Mignolo's basic points are in fact straightforward: that modernity promoted one form of knowledge over other forms; and that those other forms of knowledge are now re-emerging from their former suppression.

And though the articulation of such subaltern knowledges is clearly part of a political struggle, for Mignolo there is apparently little reason in theory why we should not have access to the voice of the other, given the right conditions.

The theoretical work required, it seems, amounts merely to a set of successive redescriptions, by which subaltern knowledge is renamed as "new loci of enunciation," only to be renamed once again as "border gnosis" and yet again as "subaltern reason." The theorist, then, becomes a translator and phrasemaker who re-presents subalternity within a suitably rarified frame of reference, so that it comes to seem equivalent, and so implicitly acceptable, to the allegedly mystifying discourse against which it is said to be arrayed.

So however laudable this project of discursive salvage seems at first sight, it's soon clear that such an unproblematic conception of desublaternization does little to overturn the applecart of Western reason: it merely assimilates "subaltern knowledge" to "colonial knowledge" (hence, in the paragraph above, "colonial modernities" and "subaltern modernities" are quickly conflated) and any concept of subalternity, or indeed of coloniality, disappears.

Ultimately this is a consoling exorcism of colonial guilt, whereby an author such as Arguedas can be taken up and celebrated for providing little more than costumbrismo: local colour and the image of difference rather than difference itself. And surely in a story such as "The Agony of Rasu-Ñiti", the most indigenist of all his work, is that not what he provides? No wonder the story is so celebrated. Despite or perhaps because of its anomalousness, it offers a glimpse of what Arguedas's readers want all along: the ventriloquy of "an authentic, autonomous, testimonial, and metatestimonial voice."

The question then is how to read Arguedas otherwise. How perhaps to misread him, to stumble in our reading, to stutter as his awkward, barely literary prose often stutters and threatens to break down, so that subalternity is truly brought to light, or made present, without being wished away by our desires, precisely, for presence. How, in short, to ensure that it is difference that is presented, for the first time; rather than a fantasized sameness that is re-presented, familiarly meeting our expectations.

(And how to do this without being subject to the same critique: of deploying a theoretical discourse and yet basking in the aura of otherness?)

Sunday, March 12, 2006

diagrams II

More on Douglas Oliver's Diagram Poems. NB that, as in the previous post, you can click on the images for larger versions.

I'm interested in the heterogeneity of these drawings. The top tends to be closer to a "pure" diagram. Moving down the page, we find representational images. Often (and we've seen this clearly in the first two diagrams) the same elements are reworked in different forms: a seemingly abstract tracing of movements through space becomes first an airman, then a vaccinated dog; here, a bird's head as icon for a parrot is echoed below by fully-fledged line drawings of a stork, a goose.

Other elements hover between what Peirce would call the iconic and the symbolic. The line at the bottom right here, for instance, both continues the line of the diagrammed fire station wall above, and becomes part of a skeletal representation of a fire alarm, dotted lines symbolizing the klaxon's sounds blaring to both sides, picking up the arrow above that indicates news permeating outside and inside.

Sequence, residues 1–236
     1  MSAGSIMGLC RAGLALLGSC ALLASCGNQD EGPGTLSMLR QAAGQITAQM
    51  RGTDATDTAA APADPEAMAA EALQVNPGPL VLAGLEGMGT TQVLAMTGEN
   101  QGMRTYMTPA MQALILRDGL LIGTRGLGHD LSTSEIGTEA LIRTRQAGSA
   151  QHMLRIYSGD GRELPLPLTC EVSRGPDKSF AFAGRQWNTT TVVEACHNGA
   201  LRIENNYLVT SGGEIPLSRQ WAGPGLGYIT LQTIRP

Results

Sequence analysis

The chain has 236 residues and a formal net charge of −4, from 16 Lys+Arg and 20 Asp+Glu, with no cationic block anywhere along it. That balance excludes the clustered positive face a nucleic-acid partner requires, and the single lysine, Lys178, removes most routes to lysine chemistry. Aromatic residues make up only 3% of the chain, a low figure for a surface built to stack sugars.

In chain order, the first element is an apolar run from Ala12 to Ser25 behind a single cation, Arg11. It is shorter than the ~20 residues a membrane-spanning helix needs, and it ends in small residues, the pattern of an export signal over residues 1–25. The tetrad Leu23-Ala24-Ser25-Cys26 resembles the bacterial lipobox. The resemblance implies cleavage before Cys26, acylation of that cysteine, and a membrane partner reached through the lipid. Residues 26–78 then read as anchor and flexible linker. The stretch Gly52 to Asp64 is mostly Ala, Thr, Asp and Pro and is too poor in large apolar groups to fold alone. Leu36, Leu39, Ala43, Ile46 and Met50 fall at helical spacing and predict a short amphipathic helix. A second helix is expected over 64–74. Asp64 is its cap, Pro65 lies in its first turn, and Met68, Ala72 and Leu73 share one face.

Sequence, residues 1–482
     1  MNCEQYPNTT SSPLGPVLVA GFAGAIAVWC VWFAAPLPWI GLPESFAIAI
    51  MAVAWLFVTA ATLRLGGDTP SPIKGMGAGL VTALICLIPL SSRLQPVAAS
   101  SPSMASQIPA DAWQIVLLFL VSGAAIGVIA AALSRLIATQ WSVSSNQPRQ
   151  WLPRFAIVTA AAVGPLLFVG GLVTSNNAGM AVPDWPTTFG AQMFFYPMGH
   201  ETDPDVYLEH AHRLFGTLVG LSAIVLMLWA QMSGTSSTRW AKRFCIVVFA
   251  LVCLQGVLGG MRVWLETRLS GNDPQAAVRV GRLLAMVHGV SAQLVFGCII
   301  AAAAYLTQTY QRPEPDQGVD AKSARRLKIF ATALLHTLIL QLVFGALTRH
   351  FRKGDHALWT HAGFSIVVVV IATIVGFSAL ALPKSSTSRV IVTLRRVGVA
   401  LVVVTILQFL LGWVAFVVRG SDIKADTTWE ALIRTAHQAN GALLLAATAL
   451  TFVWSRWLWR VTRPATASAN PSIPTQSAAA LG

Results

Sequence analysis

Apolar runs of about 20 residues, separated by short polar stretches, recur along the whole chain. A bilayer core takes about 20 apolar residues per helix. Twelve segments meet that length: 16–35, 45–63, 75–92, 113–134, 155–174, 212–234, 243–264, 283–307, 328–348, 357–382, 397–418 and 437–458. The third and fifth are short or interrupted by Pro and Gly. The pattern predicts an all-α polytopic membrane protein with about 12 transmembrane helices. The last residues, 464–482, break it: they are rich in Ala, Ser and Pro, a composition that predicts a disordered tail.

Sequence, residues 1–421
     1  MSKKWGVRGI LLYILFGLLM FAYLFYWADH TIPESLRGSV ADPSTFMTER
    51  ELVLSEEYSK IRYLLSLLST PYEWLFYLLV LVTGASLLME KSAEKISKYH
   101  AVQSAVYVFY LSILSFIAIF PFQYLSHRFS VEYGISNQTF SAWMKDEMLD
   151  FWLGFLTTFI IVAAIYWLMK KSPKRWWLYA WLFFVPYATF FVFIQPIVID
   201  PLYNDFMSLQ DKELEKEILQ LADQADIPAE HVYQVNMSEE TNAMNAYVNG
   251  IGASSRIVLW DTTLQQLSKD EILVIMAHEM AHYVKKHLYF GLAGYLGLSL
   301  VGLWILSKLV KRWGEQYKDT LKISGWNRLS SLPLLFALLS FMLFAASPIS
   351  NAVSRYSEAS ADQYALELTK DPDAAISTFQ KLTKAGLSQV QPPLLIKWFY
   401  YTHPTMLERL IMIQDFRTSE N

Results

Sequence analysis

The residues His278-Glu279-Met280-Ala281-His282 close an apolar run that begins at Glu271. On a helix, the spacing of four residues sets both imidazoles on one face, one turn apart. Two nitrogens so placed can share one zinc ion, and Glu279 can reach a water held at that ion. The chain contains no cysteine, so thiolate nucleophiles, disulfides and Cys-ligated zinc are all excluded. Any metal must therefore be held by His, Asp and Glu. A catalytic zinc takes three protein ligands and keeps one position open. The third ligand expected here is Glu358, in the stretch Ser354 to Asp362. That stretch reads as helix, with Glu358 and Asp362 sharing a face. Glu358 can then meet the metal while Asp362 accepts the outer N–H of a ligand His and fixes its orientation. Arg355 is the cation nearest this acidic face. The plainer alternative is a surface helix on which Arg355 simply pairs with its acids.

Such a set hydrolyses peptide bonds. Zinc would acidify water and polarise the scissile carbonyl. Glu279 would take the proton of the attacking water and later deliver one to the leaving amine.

Diagram 3
The diagrams encompass both the known and the unknown, the definite and the probable--better, the virtual and the actual. Near a semicircle containing the denotation "P.C.s hide," presented as a record of the raid, is the word "wife" with a question mark hovering above. Is a wife located there, perhaps separated out from the crowd on the left-hand side? Is it a woman, who may or may not be somebody's wife? Or is there nobody at all? Or not yet, for the diagram notes future as well as past: just below the line that divides upper from lower, (floor) plan from artistic (execution), is the bird symbol and the observation "Old man + parrot (to come)." When are this pair to come? How will they enter into the action?

The diagram is the record of the plan, the virtual marshalling of guerilla forces, but also the record of its actualization, and the way in which actualization entails the elimination of incompossible worlds: the virtual is a garden of forking paths that can enfold divergent outcomes, in one of which, say, all adversaries are neutralized, in another of which mistakes occur and a back-up plan has to be sought; as the plan is actualized, at all these points of divergence only one outcome can ensue, either neutralization or back-up.

The next diagram in the series depicts (or draws from) a raid on a telephone exchange. Again, the visual plane is split between a more fully diagrammatic top third, and a more representational lower two thirds. Again, however, there are echoes and resonances between the two sections. A pregnant woman appears first as symbol, then as icon: first, that is, as a conventional sign, like the images representing gender on bathroom doors; second, as a sign that seems to garner its meaning more through resemblance, as though it indicated a specific woman, rather than woman in general.

Diagram 4
The cut cables are also duplicated at top and at bottom, but again with rather different connotations: first to locate the site of sabotage; second to indicate a more fundamental communicational impasse between the woman and the bearded man with a cane. But perhaps the image now also suggests a cut umbilical cord? It's a cut that's at the centre of the generalized flashpoint that envelops the larger part of the diagram, echoing the flash at the top at a street corner subject to a complex network of spectatorship and surveillance.